So I wrote a 2 minute speech which captured how I feel about them and their work. It originally was twice as long, and had a lot more specifics in it, but I had to cut it down.

My high school was very different than Packer. Let’s say you wanted to leave class to go to the restroom. You had to get an ugly, heavy hallway pass from the teacher. Part of a teacher’s job included roaming the hallway finding kids outside of class and saying “where’s your pass.” Honestly, it was a great high school. I loved it. But what I see at Packer, which wasn’t in my high school, is the great amount of trust that exists among adults and students in the Packer Community. The existence of the Student Faculty Judiciary Committee is emblematic of that trust.

So to me, the unsung heroes of Packer are the student members who serve on the SFJC. Although we try to be as transparent as possible, much of what we do is confidential – so you don’t get to see all that goes on behind the scenes.

In the hearings, your elected representatives ask the insightful question that often resonates with the person who appears before us. And when we deliberate, time and time again I am shown such thoughtfulness about the cases we hear, and empathy towards those who come before us. The committee members help others see the importance of acting with integrity. I feel strongly that these students should be recognized for their dedication, their thoughtfulness, and their infinite willingness to arrive at school early to listen to their classmates.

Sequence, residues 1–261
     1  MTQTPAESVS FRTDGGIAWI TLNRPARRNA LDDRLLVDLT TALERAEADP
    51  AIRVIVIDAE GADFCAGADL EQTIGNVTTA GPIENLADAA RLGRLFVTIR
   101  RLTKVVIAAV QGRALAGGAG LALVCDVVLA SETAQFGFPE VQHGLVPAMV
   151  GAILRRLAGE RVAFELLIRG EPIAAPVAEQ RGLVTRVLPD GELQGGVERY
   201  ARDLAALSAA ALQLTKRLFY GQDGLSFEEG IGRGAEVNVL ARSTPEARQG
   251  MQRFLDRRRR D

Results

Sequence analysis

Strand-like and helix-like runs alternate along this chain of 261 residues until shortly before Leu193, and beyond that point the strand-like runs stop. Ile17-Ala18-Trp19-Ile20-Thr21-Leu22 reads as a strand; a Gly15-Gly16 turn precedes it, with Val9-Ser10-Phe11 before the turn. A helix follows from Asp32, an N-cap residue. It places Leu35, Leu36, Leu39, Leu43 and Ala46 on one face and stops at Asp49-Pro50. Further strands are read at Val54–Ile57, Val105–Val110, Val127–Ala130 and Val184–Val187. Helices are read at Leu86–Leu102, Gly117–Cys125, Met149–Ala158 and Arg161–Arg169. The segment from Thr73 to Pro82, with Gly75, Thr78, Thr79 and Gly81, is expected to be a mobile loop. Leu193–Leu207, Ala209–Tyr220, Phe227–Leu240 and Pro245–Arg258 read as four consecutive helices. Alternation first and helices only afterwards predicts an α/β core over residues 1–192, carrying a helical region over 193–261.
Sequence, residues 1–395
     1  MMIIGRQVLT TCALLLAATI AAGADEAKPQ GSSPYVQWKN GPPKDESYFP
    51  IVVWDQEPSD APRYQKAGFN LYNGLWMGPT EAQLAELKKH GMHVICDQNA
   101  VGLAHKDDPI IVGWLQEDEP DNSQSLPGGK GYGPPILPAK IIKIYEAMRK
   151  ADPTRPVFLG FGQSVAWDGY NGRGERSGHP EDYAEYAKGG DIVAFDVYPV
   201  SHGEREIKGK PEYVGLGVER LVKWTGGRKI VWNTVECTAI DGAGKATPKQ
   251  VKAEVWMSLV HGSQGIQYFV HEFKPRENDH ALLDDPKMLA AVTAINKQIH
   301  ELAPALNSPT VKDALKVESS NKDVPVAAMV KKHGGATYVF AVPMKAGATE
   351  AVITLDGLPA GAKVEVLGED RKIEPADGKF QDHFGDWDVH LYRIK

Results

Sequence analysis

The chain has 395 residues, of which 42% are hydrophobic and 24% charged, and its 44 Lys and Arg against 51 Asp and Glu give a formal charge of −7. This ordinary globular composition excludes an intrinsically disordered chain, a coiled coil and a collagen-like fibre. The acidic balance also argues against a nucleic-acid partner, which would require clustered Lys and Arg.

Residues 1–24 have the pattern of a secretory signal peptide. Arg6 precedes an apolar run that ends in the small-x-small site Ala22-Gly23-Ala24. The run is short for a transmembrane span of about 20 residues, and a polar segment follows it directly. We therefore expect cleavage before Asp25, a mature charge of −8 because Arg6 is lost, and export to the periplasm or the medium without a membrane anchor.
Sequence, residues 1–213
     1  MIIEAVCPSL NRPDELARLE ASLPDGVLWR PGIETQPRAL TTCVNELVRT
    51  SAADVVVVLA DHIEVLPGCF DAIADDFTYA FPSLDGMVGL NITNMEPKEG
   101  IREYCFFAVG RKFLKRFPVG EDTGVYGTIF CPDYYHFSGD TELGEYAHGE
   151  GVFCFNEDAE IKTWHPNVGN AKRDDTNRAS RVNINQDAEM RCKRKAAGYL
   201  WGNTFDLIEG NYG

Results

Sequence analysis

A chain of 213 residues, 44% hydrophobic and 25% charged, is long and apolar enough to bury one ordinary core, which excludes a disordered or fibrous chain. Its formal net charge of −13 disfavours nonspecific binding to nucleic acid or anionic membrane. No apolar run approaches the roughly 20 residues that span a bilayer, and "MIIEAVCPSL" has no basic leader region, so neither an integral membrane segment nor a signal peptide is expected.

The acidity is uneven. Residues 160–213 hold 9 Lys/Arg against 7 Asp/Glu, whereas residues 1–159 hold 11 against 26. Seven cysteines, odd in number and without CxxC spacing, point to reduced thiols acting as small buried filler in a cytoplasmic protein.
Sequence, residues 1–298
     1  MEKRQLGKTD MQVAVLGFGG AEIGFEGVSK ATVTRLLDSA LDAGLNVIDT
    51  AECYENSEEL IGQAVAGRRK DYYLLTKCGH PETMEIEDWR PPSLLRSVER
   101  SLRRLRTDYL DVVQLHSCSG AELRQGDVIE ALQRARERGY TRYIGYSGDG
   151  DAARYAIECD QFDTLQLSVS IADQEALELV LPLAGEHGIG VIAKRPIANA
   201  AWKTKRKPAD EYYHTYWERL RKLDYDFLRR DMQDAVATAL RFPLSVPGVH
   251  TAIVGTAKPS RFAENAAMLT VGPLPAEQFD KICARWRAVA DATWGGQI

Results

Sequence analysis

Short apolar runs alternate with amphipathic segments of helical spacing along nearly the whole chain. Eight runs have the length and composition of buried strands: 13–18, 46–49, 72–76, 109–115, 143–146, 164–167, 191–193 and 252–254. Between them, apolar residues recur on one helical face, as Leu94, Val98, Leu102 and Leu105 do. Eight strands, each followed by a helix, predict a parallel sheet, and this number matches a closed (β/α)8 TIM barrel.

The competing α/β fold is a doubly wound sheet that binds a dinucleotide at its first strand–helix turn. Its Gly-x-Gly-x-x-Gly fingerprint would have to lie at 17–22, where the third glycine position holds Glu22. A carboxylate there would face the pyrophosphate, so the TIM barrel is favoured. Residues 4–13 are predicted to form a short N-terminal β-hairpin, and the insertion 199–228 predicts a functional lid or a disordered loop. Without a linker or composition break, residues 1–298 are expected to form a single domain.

I will give you your certificates later, but right now please stand when I call your name. Hold your applause to the end.

[NAMES]

Please give these students a great round of applause.

(pause)

I would like to specially recognize the seniors on the committee – Student A and Student B. They have served on the committee for three years. That’s way too many donuts, and a lot before school meetings. I’ve seen them grow into two of the most thoughtful, empathetic, and passionate people I’ve known at Packer. As student chairs this year, they have modeled what a leader should be to the younger members on the committee. They have always acted with the utmost integrity, and in every case, they stand up for what they believe in. They are not quiet voices, and for that we are grateful. We are in a better school because of them, and I can’t imagine Packer without them next year.

Student A and Student B, thank you.

It has been a lot of long hours on my end this year. Running the committee is so much more work than I imagined when I agreed to take it on. And it also has shown me how hard it is to be a really good leader.

[1] To be clear, sometimes students come before us and we listen to what they say, and we believe that they didn’t actually violate any community standards. But when we do find someone clearly violated a rule or core value of the school, then we generate reflective questions and have thoughtful conversations.

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One comment

  1. Wonderful to hear how well this all turned out — including your brave foray into (non-classroom) public speaking! Congratulations!

    – Elizabeth (aka @cheesemonkeysf on Twitter)